Hundreds of birds get injured during Makar Sankranti and that is when Save Birds Kandivali NGO comes to the rescue.
Makar Sankranti is a kite-flying festival celebrated with great vigor in some parts of India. The rooftops of buildings and high-rises in a city like Mumbai are thronged with people, and the sky is filled with the colors of kites. However, what comes with the exuberance of celebrations is agony for the mute creatures. A multitude of birds get injured due to the tangling of manjha (threads) in their legs or even die due to a slit in their throat. These birds are not left in pain; they are treated well, all thanks to the Save Birds Kandivali NGO in Mumbai, which has been doing this exceptional work for 18 years.
An act of compassion
While walking the streets of Mumbai in 2005, Rita Shah, a local resident of Kandivali, found an injured bird badly wounded by manjha. She called some of the local boys to take care of it. The boys removed the thread from the bird's legs and provided basic treatment until it was back on its feet. After this incident, Rita consistently thought about the hundreds of such birds that could get injured and left without any treatment to die. That's when she gathered the boys who had saved that bird and expressed her idea of starting a bird camp, engaging in this social activity on an everyday basis.
The boys wholeheartedly embraced this social cause and diligently learned the basics of bird treatment. They acquired skills ranging from holding a bird properly and providing hydrating solutions to technically removing threads and dressing wounds. A common contact number was circulated in the vicinity and surrounding areas, allowing anyone who found an injured bird to contact them. This initiative received praise from many, but appreciation alone was not sufficient. The boys needed funds to procure various equipment such as rods and medicines for bird treatment. Jay Shah, one of the early and active members of the NGO, reflects on the initial challenges, stating, 'Initially, we used a bamboo or plastic stick to rescue birds from heights due to limited resources and knowledge.
Hands that work for others get the support of others
As the saying goes, many hands come forward when we are truly invested in good work. The team, which started with just 5 to 6 members in Kandivali, has now evolved into a registered NGO with 300 members, including 170 active volunteers and 5 bird camps in Kandivali alone, along with at least one camp at each station from Borivali to Andheri. Their system is so well-integrated that the team reaches the destination within 20 to 25 minutes of the call during Makar Sankranti. Once they rescue the bird, it is taken to the nearest centers and given basic treatment by the volunteers. If serious treatment is required, there is a vet available to conduct surgery or any complicated procedure. The bird is safely kept at the medical center and treated daily by the members until it is back on its feet and ready to spread its wings in the sky. Once recovered, the team releases the bird, allowing it to take flight from an open ground near the center and return to its natural abode.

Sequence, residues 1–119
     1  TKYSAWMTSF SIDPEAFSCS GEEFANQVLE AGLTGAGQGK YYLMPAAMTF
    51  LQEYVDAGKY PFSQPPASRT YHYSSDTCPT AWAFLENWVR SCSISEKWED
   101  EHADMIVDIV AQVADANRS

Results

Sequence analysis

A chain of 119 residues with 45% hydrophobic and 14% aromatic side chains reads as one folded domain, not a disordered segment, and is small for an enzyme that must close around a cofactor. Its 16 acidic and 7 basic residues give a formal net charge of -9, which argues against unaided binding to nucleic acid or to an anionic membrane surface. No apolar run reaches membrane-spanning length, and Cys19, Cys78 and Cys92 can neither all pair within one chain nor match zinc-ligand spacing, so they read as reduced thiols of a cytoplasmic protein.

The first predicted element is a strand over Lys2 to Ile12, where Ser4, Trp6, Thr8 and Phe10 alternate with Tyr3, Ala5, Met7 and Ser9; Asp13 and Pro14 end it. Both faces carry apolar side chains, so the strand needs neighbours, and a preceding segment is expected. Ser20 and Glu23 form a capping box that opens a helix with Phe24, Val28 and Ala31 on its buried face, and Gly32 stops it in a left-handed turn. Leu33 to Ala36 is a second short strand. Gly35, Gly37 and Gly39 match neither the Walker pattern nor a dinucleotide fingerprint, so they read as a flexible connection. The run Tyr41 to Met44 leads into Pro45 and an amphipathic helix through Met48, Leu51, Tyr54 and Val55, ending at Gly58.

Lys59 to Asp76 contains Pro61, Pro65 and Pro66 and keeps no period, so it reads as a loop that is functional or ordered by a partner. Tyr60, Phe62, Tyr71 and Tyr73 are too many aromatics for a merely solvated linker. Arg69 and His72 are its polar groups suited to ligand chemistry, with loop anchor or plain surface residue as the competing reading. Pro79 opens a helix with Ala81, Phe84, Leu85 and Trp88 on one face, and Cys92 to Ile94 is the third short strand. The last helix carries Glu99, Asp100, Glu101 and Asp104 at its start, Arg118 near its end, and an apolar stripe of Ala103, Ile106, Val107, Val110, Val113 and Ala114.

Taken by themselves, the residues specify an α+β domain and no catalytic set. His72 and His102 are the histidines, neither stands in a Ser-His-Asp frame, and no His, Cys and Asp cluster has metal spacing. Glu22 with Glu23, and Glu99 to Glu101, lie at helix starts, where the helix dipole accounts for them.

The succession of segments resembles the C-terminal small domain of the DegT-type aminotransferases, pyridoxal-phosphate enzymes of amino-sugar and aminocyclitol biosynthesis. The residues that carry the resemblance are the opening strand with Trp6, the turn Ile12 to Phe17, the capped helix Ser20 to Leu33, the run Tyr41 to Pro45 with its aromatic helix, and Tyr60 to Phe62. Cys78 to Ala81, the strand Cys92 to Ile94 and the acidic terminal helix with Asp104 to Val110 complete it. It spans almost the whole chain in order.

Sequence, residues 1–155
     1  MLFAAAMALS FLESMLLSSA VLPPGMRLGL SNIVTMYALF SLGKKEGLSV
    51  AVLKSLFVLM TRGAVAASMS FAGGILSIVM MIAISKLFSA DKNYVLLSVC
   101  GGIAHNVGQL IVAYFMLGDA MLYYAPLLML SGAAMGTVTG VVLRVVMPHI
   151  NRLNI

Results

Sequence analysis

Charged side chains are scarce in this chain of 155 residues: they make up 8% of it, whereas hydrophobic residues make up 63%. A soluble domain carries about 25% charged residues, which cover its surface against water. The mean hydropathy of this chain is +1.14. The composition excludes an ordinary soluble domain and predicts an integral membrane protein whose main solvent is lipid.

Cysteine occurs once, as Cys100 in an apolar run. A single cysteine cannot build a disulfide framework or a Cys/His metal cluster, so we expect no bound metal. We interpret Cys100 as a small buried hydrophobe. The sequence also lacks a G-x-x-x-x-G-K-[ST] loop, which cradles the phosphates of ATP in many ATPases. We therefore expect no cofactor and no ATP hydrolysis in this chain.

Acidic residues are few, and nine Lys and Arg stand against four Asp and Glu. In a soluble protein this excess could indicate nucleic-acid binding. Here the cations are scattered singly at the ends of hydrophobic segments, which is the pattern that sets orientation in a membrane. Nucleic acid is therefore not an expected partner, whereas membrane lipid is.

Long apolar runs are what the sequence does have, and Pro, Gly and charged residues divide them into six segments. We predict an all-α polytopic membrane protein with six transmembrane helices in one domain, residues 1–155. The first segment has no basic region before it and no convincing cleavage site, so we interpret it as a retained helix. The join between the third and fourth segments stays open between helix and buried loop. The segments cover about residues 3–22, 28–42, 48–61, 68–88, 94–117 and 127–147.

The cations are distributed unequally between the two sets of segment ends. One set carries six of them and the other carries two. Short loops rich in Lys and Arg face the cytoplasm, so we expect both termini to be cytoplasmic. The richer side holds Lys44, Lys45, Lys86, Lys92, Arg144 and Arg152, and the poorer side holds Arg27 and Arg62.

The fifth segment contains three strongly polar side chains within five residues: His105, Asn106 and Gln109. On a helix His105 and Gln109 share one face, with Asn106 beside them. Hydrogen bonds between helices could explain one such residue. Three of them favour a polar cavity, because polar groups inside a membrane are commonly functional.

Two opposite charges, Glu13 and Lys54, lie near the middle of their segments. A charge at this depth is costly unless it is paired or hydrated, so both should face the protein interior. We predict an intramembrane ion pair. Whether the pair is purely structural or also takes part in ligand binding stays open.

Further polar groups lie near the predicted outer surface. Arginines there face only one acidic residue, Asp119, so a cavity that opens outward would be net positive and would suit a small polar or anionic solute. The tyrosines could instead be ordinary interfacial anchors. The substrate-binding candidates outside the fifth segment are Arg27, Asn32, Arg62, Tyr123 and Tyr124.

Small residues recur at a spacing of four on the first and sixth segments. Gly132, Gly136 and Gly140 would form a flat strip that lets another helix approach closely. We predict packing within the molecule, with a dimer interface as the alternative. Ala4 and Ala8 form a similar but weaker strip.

They take risks so that the birds get their flight back
There is joy in seeing a bird regain its flight and soar where it belongs, but at times, the volunteers of this NGO risk their lives, going truly out of their way to rescue a bird. The team goes to great lengths to save the birds, climbing trees, navigating terrace roofs, and even entering risky places. Jay Shah emphasizes, 'We do not encourage them to undertake these activities and call the fire brigade when things are beyond our control. We believe that if we are safe, we can save more birds. However, sometimes immediate action is crucial, and we can't wait for others to arrive.' Due to their unwavering commitment and love for these winged souls, the team saves around 15,000 birds every year. The members of Save Birds rescued 300 birds in a single day when Cyclone Tauktae hit Mumbai in May 2021.
Save Birds continues to commit itself to protecting these creatures at any cost and in any situation, urging people to support their initiative by refraining from flying kites during Makar Sankranti or, at the very least, using raw manjhas instead of sharp nylon and china manjhas. Jay appeals, 'Makar Sankranti is a festival of unity, providing an opportunity for people to gather with friends and family, share sweet treats, or even volunteer in saving the lives of birds.
If you find any injured bird you can contact the below-mentioned helplines.
Save Birds Helpline: Kandivali - 84518 99899, Mumbai - 86553 70005.